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Comparative Party Systems



[BSc], GED, ID, Psc

Admission requirements

  • Classes of 2013-2016: similarly-tagged 100/200-level courses, ideally Introduction to Comparative Politics, or permission from the instructor.

Course description

Understanding the functioning of democratic and representative politics requires knowledge of political parties and party systems. Parties represent the main vehicles for the aggregation of societal interests and they remain at the core of the political process, from elections to government formation and the generation of policy. Parties structure political competition among voters, party activists, and party elites and they are consequential for the political interactions within the executive-legislative arena and beyond.

This course aims to present students with a systematic overview of political parties and party systems, in a comparative framework. The first weeks of the course will cover important questions related to the origins and organization of political parties, party types and ideological labels. The class will then center on party systems – the dimensions along which they differ and the factors driving party system change. Throughout the class, the focus of the material will cover all stages of the political process at which parties operate, including the electoral and government domains. A major component of the course will also link distinct institutional features with party systems characteristics. For example, we will consider at length the impact of electoral rules on the number of political parties in a given polity.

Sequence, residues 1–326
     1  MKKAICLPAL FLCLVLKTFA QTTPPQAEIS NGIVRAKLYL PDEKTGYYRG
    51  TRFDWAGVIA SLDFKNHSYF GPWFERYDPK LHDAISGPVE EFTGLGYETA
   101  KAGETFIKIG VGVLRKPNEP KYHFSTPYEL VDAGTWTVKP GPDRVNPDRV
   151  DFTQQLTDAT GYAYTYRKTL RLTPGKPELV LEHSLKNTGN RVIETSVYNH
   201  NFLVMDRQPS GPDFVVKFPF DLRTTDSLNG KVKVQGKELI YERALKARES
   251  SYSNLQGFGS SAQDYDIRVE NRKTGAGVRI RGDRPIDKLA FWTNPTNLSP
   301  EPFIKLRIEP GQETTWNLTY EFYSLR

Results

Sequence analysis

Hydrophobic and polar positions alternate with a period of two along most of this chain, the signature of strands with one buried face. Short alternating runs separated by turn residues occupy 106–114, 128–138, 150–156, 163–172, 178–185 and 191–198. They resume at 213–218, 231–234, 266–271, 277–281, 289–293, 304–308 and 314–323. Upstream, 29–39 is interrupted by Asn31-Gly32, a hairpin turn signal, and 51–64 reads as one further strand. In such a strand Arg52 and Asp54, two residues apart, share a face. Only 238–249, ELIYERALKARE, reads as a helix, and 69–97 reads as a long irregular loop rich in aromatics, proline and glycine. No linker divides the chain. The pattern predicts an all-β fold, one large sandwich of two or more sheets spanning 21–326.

The theoretical material will also be empirically grounded, with a focus on both advanced democracies and newly democratic countries. A special section will be devoted to the discussion of party politics at the level of the European Union.

Learning objectives

Upon completion of the course, students will be expected to successfully:

  • Understand why political parties are necessary for democratic politics and why they occupy such a central role within it

  • Identify the most important components of parties as organizations

  • Identify the major dimensions along which party systems differ, both theoretically and in a comparative perspective

  • Understand the connection between electoral rules and party system features and be able to critically apply this knowledge to specific cases

Compulsory textbook

Mair, P. (1990) (Ed.). The West European Party System. New York, NY: Oxford University Press.
Ware, A. (1996). Political Parties and Party Systems. New York, NY: Oxford University Press.